When in Abuja….

So I’ve made it to a full two weeks on my PULSE assignment in Abuja, Nigeria.   What a journey it has been already, the things I’ve seen and the people I have met.  I arrived in the early hours of Sunday 28 June – I did have a little hiccough with an Immigration Officer as I didn’t have the right paperwork but that’s a distant memory now.

My NGO were in the process of moving offices so I was lucky enough to visit both offices.  There doesn’t seem to be a differentiation between residential and commercial space.  Both offices are inn purpose built houses converted inot office space.  So each office is en-suite!  The downtime gave me the chance to acclimatise to Abuja and do some hunting for apartments. Furnished accommodation especially for a short term let is expensive in Abuja!  There are 7 of us GSK PULSE assignees here in Abuja.  We are all continually reminded to be cautious and conscious of our surroundings. With the recent trouble in north Nigeria, security of our accommodation is key.

View 10

We have arrived in Nigeria in an interesting time of change; with a new democratically elected government sworn in at the end of May, every Nigerian is looking forward to change.  The average man on the street is very informed on the political issues and can converse at length on the issues as well as the causes as I have found.  They are all hopeful for a positive change.

Our weekend of house hunting did give us the chance to see the outskirts of Abuja, we were with a local housing agent and a fellow GSK colleague who is Nigerian.  We stopped at a local market in Lugbe, as I wanted to get some local bananas and check out what else was on offer.  What an assault on the senses!  There were men sitting in front of bathtubs, I thought they were selling bathtubs.  I was invited to look in the bathtubs – they were selling live catfish!  Curried catfish stew is a local delicacy.  You see men selling dried catfish and tilapia fish along the roadsides.  There was also a pile of animal bone for sale in the middle of a roundabout. B for bone I said but no, it is the name of a German construction company.  Stopping at traffic lights is another experience as lots of street vendors descend on the queuing cars selling things from children shoes to the really nice manicure sets; of course I got one!  But I was told not to speak and the driver did the bargaining!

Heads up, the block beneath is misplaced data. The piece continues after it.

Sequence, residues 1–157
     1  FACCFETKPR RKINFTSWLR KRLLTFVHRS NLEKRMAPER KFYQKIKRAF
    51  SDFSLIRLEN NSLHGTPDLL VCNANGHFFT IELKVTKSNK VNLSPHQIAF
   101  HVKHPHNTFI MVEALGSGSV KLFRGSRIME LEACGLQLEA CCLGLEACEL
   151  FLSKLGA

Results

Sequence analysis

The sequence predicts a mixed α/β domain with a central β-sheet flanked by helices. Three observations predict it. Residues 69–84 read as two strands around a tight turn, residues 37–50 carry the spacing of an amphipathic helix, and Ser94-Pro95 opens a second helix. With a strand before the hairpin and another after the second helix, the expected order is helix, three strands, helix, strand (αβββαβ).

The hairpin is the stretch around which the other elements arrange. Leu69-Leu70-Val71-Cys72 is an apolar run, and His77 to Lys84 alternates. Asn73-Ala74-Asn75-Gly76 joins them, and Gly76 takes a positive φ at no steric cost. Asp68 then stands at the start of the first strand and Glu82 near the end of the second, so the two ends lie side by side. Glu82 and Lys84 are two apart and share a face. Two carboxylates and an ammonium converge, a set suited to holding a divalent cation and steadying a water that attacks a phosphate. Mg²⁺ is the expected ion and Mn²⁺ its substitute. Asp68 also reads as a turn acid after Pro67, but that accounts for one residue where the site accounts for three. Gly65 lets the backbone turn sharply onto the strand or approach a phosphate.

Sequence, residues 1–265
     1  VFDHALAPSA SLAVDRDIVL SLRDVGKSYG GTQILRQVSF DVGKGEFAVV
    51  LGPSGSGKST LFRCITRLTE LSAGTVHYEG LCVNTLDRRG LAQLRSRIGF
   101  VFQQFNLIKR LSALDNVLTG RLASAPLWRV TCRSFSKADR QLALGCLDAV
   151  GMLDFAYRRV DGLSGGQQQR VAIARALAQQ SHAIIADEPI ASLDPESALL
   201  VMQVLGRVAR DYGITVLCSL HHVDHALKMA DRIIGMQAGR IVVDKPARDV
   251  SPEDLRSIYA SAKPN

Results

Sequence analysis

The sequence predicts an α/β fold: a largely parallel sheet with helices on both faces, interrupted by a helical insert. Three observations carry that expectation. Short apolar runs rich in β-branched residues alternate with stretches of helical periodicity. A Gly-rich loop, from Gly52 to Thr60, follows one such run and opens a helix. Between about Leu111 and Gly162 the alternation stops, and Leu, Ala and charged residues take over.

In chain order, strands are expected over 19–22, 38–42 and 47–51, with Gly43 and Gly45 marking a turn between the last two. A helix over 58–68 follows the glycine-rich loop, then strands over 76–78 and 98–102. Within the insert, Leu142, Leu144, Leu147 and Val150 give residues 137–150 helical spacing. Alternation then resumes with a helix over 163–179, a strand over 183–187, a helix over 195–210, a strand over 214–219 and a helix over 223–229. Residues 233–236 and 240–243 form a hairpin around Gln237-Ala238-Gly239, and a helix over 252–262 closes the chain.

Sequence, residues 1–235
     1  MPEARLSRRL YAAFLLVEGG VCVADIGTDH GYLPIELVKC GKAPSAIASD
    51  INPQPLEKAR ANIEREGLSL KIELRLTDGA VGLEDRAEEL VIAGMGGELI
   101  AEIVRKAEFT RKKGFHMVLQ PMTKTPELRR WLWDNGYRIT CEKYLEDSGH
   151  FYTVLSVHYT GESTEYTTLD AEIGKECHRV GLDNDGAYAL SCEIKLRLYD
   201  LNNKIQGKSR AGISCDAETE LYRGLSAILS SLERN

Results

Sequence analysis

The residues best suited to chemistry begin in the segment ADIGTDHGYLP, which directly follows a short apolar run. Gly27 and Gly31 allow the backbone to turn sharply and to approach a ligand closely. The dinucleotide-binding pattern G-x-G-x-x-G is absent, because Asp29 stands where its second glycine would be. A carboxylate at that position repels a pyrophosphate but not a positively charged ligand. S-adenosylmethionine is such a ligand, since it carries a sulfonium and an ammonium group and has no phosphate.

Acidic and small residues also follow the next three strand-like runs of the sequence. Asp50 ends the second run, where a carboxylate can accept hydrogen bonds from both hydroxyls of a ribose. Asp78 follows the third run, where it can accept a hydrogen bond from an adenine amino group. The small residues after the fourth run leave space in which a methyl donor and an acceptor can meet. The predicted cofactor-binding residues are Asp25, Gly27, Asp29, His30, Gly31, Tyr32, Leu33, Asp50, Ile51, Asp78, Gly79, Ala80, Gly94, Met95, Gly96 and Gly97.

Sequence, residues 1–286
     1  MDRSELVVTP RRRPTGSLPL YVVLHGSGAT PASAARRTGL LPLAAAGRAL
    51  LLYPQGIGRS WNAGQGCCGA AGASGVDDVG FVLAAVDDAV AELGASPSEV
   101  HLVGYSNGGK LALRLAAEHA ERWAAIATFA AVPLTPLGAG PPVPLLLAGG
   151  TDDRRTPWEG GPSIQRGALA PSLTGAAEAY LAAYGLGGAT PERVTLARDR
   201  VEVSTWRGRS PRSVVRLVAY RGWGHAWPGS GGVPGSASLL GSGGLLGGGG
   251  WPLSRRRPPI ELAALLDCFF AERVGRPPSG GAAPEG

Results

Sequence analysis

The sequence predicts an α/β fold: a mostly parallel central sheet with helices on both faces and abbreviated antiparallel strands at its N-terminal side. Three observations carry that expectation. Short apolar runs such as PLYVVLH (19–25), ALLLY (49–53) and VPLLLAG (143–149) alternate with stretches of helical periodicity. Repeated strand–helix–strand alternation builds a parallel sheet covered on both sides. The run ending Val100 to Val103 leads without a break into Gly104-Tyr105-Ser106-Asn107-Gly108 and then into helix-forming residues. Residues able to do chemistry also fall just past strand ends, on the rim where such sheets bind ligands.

Bones for sale Catfish in bathtub Hat man at Lugbe market Lubge market Lugbe  market 1 Lugbe  market 2 Lugbe market 3 Lugbe market 4

We did find the right apartment and we looking forward to settling in.  I miss home cooked food!  Nigerian food is too spicy for me.  There will be 4 ladies sharing 2 x 2 bedroom apartments which will be great.  An opportunity to share our working day, evenings and cooking.

Will keep you posted on how we get on!

Have a good week,

Nikki  in Abuja!

10 comments

  1. Great news about your apartment Nikki…a big relief to get settled in somewhere. Can’t believe you’ve done 2 weeks already!

  2. Liked the “B is for Bones” … is this theme catching ?! GU is for Great Update. Glad you’re settling in.

  3. So pleased to hear about the apartment. Seems like only yesterday you were talking about the upcoming assignment and now you have already done two weeks. Keep the news coming.
    Jackie x

  4. Hallo my friend.
    A good post!
    Looks like you are having a very “different time” … enjoy it!
    Belén xxx

  5. Hi Nikki yes I have got your blog and pleased to hear you are ok, and got a place to live, hope all is going well this week.It’s nice to see your pictures, not quite like here.Take care Love Jo xx

  6. I love your photos. Best of luck. The two weeks us the hardest. You will do great. Treasure these six months:)

Leave a Reply

Fill in your details below or click an icon to log in:

WordPress.com Logo

You are commenting using your WordPress.com account. Log Out /  Change )

Google photo

You are commenting using your Google account. Log Out /  Change )

Twitter picture

You are commenting using your Twitter account. Log Out /  Change )

Facebook photo

You are commenting using your Facebook account. Log Out /  Change )

Connecting to %s